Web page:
With year-end fundraising in full swing, we will continue with our occasional articles about rules that are important at the end of the year. Today’s post will discuss various rules about substantiating a donor gift. There is still a surprising amount of litigation about proper documentation. Many organizations are not careful about following the rules, with the result that they have donors who lose their deduction.
For gifts of $250 or more, and acknowledgment must contain certain information. And acknowledgment must contain:
- The name of the organization
- The amount of the cash contribution
- The description but not value of a non-cash contribution
- A statement there no goods or services were provided, if that is correct.
- A statement that goods or services provided were religious intangible benefits only, if that is the case
- If the organization providing goods or services, a good faith estimate of the value of benefits received by the donor.
In addition to the acknowledgment, the taxpayer must keep a copy of the check or other written contemporaneous receipt for the contribution.
For quid pro quo contributions, and organization must provide a written disclosure to a donor who makes a payment of more than $75. The statement must state that the donor’s contribution is limited, gives an estimate of the value of the benefit, is given to the donor when the contribution is solicited or received. There are certain exceptions to the quid pro quo rules for certain benefits of $75 or less.
A gift is considered complete when the donor generally relinquishes control over the asset that is being donated. For a completed gift, there must be intense, delivery and acceptance.
A check is considered given on the date of delivery as long as it clears in due course. If sent by the post office, it is considered delivered on the day of the postmark. If sent by Federal Express or other third-party delivery agent, it’s considered delivered on the date received.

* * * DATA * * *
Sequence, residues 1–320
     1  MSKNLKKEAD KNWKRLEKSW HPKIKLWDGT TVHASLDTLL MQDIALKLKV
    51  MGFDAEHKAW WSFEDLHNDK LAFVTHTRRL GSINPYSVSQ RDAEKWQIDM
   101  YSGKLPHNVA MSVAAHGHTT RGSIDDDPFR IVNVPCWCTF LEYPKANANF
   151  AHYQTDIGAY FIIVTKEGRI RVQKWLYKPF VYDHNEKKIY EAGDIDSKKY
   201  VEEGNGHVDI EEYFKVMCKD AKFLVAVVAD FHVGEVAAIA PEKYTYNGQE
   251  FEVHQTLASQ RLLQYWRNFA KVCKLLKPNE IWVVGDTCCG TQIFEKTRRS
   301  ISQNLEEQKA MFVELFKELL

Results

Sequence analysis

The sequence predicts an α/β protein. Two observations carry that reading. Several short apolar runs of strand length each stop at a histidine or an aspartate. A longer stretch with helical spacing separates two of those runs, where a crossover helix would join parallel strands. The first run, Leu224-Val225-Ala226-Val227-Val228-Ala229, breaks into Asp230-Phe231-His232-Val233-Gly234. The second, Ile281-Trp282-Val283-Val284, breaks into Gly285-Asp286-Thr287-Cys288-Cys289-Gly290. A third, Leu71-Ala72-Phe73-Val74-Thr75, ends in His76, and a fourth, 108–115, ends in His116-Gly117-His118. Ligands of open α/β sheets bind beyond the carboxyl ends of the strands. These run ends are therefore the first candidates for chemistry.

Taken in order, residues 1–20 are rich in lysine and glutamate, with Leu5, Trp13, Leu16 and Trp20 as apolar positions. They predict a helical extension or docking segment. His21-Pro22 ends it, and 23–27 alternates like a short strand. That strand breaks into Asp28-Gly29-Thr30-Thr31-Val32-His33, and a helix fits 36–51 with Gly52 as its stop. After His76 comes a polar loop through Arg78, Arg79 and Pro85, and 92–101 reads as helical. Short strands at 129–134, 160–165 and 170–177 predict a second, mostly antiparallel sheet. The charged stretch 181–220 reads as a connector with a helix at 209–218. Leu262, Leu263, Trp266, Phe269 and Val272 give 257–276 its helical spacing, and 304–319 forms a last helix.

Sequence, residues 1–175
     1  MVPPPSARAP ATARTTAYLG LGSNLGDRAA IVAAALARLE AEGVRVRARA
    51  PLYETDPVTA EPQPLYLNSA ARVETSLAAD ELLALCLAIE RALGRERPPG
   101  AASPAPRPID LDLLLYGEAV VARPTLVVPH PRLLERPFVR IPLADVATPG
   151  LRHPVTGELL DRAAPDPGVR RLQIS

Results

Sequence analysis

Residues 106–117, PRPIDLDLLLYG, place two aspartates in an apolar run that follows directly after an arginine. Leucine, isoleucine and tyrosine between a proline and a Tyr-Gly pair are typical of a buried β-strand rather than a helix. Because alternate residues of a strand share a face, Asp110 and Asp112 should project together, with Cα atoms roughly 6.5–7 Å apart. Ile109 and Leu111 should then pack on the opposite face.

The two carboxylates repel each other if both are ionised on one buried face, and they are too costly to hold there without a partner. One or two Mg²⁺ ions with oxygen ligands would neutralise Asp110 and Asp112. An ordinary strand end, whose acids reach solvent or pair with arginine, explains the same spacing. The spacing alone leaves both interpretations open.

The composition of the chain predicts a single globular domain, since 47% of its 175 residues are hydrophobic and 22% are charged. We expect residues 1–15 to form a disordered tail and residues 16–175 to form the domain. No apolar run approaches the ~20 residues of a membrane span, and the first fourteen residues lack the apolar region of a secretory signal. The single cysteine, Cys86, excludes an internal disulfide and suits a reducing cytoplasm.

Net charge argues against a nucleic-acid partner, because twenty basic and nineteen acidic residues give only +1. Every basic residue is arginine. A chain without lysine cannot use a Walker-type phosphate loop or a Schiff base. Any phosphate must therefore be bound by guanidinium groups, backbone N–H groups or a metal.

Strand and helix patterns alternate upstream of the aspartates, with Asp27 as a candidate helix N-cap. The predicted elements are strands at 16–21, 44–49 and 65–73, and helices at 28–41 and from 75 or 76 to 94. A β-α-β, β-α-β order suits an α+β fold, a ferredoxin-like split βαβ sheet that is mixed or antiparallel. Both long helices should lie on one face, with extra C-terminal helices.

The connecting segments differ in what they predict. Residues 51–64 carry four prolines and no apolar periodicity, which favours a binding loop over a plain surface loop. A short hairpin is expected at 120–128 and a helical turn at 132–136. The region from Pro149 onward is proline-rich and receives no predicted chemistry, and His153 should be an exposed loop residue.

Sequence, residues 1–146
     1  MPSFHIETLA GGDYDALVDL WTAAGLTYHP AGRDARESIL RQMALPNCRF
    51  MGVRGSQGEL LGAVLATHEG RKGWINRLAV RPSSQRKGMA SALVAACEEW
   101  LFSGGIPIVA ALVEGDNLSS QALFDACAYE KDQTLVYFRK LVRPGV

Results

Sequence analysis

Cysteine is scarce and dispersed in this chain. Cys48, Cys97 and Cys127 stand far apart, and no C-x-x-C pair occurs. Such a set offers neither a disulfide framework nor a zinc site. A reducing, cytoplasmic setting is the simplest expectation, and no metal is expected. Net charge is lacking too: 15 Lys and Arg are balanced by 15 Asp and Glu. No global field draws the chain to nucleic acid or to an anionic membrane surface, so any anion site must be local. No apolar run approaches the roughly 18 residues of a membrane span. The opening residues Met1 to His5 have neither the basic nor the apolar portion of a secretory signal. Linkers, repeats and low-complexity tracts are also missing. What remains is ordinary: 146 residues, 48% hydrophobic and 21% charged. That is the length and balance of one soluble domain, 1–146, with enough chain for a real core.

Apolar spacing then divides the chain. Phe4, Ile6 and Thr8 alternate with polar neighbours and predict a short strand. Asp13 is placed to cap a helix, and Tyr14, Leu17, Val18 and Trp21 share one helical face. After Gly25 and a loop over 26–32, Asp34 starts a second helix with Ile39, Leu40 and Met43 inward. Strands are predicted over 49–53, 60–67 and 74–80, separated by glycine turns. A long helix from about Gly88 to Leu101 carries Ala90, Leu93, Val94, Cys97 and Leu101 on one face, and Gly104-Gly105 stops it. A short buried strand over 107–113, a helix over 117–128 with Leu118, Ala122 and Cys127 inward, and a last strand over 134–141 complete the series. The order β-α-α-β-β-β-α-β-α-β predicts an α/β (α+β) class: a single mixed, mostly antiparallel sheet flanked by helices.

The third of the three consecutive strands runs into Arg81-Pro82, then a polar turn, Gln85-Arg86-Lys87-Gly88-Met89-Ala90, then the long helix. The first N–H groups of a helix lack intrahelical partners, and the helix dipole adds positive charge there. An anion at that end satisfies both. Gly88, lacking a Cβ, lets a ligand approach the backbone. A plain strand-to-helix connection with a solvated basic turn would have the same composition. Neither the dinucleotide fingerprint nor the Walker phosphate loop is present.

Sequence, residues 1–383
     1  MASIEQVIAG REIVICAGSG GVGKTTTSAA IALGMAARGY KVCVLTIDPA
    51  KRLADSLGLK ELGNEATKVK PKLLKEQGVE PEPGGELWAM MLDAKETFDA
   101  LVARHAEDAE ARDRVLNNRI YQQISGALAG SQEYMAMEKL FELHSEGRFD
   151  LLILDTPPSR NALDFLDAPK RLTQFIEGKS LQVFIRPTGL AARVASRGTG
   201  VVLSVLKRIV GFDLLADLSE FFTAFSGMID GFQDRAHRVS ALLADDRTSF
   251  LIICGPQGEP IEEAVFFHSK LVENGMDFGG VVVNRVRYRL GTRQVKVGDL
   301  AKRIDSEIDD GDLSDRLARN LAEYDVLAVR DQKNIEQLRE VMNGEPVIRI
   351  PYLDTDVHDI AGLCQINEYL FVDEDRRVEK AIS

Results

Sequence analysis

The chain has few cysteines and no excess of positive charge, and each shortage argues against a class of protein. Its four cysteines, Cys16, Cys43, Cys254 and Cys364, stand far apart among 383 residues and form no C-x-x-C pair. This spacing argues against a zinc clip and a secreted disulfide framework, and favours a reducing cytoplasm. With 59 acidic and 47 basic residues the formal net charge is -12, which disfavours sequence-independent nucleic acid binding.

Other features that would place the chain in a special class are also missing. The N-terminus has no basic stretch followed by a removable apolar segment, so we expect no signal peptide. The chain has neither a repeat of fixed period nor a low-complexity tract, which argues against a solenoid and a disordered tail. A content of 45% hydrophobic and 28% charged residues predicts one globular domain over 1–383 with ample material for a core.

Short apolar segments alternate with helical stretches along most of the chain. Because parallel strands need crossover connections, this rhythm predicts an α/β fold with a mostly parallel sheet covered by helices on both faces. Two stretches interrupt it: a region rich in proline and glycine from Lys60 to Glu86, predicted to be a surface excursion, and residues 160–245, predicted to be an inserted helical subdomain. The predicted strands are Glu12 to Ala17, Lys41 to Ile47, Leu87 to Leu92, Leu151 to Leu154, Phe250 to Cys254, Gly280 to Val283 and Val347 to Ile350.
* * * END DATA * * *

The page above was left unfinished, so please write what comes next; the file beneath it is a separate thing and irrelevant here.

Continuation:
A credit card charge is considered delivered on the date the charges made regardless of when it is actually paid.
Stock certificates are considered delivered on the date of the postmark if delivered by the post office or date of receipt if done by Federal Express or other third-party delivery service. If a stock certificate is in a street name, meaning a brokerage account, it is considered delivered on the data ownership is transferred out the donors count. If there is a transfer agent involved the certificate or the shares are considered delivered on the day, the transfer agent changes its books and records.
Do not attempt to value gifts other than cash. The date of the acknowledgement is actually tricky. For stocks, state only that you received “x shares of ABC corporation”.
This is a summary of some of the most important but not all the rules about substantiating gifts. Our next post will deal with additional rules you need to know about.